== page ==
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Robert Sullivan
January 25, 1988
A new selection process saved the day for sliders at the U.S. Olympic trials
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January 25, 1988

Sometimes You Just Can't Luge

A new selection process saved the day for sliders at the U.S. Olympic trials

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At the U.S. Olympic luge trials in Lake Placid, N.Y., last week, people were talking crazy. They said the U.S. could win a medal in Calgary. In luge. They really said that. They said Bonny Warner could win a medal. They said Duncan Kennedy could win one. They said Miroslav Zajonc and Tim Nardiello might win a medal in the doubles.

Then, suddenly, silence.

During a singles training run, Zajonc lost control of his sled coming out of Turn 12 and flew high on the track, smashing into the restraining boards. "I was the first one to get to him," says Nardiello. "I pulled off his bootie. His heel was shattered. I knew we were done." Zajonc, a 27-year-old Czechoslovakian defector, was rushed to Lake Placid Memorial Hospital and his right leg put in a cast from toes to knee.

During competition last Tuesday, Kennedy, one of four national team members who live in Lake Placid, caught his right hand on something—perhaps a jagged piece of ice or a nail. At the hospital he got 12 stitches to repair a torn extensor tendon and a dozen to close the wound. Kennedy, too, received a cast and was out of the trials.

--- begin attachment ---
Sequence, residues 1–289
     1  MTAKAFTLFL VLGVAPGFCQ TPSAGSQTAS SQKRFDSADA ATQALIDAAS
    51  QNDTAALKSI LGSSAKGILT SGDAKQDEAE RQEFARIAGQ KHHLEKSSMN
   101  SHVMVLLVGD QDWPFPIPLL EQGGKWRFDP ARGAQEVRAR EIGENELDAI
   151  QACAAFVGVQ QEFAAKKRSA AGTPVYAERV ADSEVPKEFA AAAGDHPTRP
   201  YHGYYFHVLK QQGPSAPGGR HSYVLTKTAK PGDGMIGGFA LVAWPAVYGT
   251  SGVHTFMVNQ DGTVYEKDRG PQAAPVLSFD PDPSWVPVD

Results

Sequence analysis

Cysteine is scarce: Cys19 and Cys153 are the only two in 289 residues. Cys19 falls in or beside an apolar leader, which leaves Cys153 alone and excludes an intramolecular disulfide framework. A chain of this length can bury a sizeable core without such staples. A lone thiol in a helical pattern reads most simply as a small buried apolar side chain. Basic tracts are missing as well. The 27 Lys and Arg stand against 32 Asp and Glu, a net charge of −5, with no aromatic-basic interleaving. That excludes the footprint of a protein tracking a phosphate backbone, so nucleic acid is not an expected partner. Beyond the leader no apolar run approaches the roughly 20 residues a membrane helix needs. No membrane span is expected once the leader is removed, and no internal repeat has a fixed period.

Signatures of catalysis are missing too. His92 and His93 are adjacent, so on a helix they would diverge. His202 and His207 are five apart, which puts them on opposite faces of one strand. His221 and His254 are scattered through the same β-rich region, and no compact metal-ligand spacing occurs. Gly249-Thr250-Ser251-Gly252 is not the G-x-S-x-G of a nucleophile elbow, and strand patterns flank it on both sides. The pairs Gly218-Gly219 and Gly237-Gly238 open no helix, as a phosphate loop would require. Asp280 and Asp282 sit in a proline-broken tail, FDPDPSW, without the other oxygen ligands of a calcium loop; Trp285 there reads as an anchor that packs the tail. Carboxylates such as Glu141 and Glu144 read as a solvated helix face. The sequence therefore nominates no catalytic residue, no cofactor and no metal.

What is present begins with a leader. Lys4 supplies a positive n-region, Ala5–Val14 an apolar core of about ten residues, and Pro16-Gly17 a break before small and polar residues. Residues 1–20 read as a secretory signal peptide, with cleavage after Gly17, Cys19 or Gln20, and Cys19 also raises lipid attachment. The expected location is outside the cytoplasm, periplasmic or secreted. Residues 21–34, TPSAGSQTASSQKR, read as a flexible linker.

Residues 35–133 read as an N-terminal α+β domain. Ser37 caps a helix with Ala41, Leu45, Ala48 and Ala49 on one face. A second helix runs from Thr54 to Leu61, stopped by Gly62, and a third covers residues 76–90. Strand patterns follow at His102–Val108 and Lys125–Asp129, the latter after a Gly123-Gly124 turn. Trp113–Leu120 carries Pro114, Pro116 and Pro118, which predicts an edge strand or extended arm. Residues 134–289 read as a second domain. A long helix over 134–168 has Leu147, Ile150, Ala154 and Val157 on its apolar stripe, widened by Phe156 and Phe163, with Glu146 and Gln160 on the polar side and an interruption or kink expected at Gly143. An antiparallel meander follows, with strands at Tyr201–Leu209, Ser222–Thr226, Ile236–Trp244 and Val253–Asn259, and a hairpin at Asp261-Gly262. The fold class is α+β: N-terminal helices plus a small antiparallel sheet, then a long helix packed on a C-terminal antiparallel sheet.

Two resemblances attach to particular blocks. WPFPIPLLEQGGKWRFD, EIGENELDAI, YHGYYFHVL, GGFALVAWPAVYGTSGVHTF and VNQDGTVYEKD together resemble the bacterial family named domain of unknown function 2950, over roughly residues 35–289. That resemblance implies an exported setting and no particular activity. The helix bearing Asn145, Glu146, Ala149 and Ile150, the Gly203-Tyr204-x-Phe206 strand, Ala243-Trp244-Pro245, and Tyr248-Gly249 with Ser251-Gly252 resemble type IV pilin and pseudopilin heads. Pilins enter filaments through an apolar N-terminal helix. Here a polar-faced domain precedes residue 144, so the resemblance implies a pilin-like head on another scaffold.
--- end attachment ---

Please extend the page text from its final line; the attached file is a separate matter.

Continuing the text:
Although the U.S. men's medal prospects have been injured, the luge team is hoping that medical miracles can lead to miracles on the track.

Meanwhile, back at the luge run....

Tearing of hair, gnashing of teeth? Not at all. Things remained oddly placid in Placid. Credit the Terwillegarian Theorem: If at first you don't succeed, don't go home—a 1986 change in the guidelines may get you a place on the team. The theorem is named for Erica Terwillegar, who in 1983 was the top U.S. slider; she won the North American championship and finished fifth at the worlds. In 1984 she had a rotten week during the Olympic trials and missed making the team. Everyone said it was darned hard cheese, but what could you do?

Two years ago the U.S. Luge Association came up with an answer. "We needed discretionary picks," says Mary Ellen Fletcher, the national team's manager. "The USOC [ U.S. Olympic Committee] doesn't like discretion, because it can lead to favoritism. But we have a unique situation here."

Lake Placid has the only luge run in the U.S., and the USLA felt it couldn't ask an Olympic prospect to invest four long years in training in the Adirondack village and then not make the team because he or she suffered a Terwillegarian week. The USOC compromised: The two fastest men and women would make the singles team, and USLA officials could pick an additional man and woman; the fastest men's doubles team would go to the Games, and a second team could be selected.

By midweek of the '88 trials the men's discretionary singles spot belonged to Kennedy. Although he'll wear his cast until the end of January, "I'll be back on a sled before the Games," he says.

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